The Tamar Valley Writers Festival has a short story competition celebrating creative writing across the ages. The competition has three categories for Adult, eighteen and under, and the Tamar Valley Schools in the competition.  The entry fee for adult writers aged 18 and above is $10. Entry is free for writers under 18 years of age.

 The entry form can be downloaded from this site.

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Orion Enterprises Publishing Competition


Competition will run from the 20th October 2015, until the 20th January 2016.
Winner will be announced on the 20th February 2016
Entry fee $10 AU

Write an original short story, no longer than 30,000 words.
Your choice of topic and genre. *conditions apply*
Submissions to be in PDF format

Send your submission to:

Subject line- short story competition
Message text – name of your short story, Author name, word count
Payment made to: paypal or direct deposit available for Australian citizens

( see bottom of page for details)

Winner will receive:
ebook and print formatting of their story
Cover design for their story
1 print version of their story,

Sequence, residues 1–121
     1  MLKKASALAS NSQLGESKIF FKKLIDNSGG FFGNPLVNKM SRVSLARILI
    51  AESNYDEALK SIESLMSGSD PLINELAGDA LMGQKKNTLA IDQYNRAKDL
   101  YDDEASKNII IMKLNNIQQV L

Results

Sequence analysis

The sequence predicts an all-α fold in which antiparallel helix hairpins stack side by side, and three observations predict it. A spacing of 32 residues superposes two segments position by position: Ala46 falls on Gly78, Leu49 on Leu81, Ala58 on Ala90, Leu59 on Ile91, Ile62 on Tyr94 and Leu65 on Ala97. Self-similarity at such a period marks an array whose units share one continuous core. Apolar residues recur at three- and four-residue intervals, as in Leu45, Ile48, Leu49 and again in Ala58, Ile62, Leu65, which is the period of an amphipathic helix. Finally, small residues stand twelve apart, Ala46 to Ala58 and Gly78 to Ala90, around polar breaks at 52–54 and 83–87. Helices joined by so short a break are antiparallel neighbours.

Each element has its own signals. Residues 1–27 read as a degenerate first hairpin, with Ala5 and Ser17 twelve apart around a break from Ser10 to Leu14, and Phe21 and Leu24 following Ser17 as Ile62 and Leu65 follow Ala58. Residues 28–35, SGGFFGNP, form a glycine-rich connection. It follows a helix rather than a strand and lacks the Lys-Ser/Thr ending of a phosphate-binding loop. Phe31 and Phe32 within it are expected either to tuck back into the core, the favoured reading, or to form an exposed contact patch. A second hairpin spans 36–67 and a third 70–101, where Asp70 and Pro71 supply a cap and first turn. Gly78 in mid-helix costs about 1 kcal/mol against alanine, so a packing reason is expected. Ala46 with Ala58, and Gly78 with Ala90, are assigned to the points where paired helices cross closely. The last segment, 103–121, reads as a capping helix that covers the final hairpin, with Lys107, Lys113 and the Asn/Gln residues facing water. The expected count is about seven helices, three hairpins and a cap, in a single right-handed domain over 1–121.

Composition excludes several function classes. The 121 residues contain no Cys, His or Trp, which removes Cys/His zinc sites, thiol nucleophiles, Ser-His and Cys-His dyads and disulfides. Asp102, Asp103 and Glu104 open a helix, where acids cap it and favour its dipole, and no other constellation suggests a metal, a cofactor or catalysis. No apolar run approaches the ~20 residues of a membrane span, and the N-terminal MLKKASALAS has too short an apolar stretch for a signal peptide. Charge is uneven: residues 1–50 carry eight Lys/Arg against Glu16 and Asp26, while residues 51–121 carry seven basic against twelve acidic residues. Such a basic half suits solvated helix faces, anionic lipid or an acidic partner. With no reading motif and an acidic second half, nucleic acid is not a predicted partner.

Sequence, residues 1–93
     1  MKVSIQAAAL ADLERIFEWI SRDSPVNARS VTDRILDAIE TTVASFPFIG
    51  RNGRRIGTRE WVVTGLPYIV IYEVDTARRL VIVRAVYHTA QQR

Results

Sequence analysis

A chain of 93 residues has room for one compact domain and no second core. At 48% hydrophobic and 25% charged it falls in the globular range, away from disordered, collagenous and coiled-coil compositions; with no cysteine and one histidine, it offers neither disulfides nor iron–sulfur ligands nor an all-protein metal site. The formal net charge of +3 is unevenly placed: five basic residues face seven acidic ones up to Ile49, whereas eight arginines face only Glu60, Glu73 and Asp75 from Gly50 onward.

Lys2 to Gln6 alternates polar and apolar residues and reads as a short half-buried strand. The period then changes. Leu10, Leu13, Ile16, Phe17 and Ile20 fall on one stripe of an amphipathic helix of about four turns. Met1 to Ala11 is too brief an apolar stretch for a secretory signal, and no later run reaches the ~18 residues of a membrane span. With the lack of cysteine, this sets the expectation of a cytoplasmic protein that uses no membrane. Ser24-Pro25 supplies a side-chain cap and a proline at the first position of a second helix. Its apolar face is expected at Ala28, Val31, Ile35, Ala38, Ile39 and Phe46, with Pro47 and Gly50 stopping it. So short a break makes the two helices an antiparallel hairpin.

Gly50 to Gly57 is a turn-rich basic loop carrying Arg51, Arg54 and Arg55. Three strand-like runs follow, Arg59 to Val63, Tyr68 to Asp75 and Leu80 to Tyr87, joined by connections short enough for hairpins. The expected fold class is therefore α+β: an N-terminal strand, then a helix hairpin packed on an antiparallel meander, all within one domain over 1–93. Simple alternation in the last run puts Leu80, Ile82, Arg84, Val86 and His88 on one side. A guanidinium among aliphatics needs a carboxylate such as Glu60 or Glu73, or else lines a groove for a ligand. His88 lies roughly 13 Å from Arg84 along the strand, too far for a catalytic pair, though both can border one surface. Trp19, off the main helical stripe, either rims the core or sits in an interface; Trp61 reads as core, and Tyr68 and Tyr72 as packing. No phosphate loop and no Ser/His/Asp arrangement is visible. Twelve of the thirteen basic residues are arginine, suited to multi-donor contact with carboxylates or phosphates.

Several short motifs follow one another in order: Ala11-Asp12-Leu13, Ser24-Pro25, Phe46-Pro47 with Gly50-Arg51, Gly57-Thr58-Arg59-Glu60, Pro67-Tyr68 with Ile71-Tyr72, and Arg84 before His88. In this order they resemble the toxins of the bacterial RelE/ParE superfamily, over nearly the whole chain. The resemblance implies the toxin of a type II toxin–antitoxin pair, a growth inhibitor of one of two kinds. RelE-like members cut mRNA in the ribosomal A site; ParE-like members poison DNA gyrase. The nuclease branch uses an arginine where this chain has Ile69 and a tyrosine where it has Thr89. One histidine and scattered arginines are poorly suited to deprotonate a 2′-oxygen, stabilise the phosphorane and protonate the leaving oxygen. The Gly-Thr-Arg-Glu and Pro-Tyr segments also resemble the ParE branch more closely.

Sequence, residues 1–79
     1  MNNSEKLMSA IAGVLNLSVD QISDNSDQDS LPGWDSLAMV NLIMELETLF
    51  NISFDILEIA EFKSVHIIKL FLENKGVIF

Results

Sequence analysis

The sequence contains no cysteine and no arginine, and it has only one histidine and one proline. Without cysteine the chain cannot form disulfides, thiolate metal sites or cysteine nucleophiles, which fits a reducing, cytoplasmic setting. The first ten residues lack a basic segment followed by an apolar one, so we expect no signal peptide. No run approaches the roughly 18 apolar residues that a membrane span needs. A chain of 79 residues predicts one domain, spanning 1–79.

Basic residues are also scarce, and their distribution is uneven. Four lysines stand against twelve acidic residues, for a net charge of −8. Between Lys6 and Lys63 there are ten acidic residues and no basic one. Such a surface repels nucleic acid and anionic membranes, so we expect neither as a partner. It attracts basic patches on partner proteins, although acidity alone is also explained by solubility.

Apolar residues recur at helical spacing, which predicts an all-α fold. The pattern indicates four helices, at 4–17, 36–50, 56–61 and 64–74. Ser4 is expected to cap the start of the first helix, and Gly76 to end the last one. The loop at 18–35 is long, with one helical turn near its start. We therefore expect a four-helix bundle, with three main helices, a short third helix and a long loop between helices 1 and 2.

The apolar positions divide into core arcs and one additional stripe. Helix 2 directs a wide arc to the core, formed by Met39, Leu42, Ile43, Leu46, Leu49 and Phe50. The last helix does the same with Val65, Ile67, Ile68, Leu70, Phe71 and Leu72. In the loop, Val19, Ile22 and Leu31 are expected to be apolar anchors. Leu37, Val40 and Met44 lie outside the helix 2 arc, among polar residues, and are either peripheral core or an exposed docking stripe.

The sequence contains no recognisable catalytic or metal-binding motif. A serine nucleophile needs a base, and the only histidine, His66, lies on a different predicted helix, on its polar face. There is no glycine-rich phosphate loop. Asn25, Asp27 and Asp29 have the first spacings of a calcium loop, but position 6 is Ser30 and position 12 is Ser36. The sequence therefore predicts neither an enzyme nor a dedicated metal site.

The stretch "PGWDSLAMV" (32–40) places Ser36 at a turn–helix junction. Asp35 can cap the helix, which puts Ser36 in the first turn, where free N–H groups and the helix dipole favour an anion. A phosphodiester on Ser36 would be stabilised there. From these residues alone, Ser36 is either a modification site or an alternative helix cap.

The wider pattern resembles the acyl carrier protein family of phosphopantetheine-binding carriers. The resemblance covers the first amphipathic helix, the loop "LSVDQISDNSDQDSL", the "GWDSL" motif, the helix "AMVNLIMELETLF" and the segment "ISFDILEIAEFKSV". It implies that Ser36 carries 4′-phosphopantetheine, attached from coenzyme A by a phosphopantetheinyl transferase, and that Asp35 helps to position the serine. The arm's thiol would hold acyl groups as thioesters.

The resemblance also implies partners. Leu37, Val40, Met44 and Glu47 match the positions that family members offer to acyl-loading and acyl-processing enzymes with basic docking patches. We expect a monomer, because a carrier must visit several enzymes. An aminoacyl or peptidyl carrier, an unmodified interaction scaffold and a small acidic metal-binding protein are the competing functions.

(Soft cover 5 x 8 size)
6 months promotion on the Orion Enterprises Publishing website and Facebook
Winners certificate

2nd place will receive:
ebook formatting of their story
Cover design for their story
1 month promotion on the Orion Enterprises Publishing website
Runner up certificate

3rd place will receive:
Ebook formatting of their story
3rd place certificate.

*Terms and Conditions* please read carefully

1. Your short story must be an original unpublished work by you.
2. No fan fiction
3. Short story must be edited
4. No rape or beastiality
5. All submissions to be in PDF format. Times New Roman, 12 point, single line spacing
6. No communication will be entered into with contestants while competition is running
7. All winners final
8. All prizes final

Competition run by Orion Enterprises Publishing

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Competition Time!!!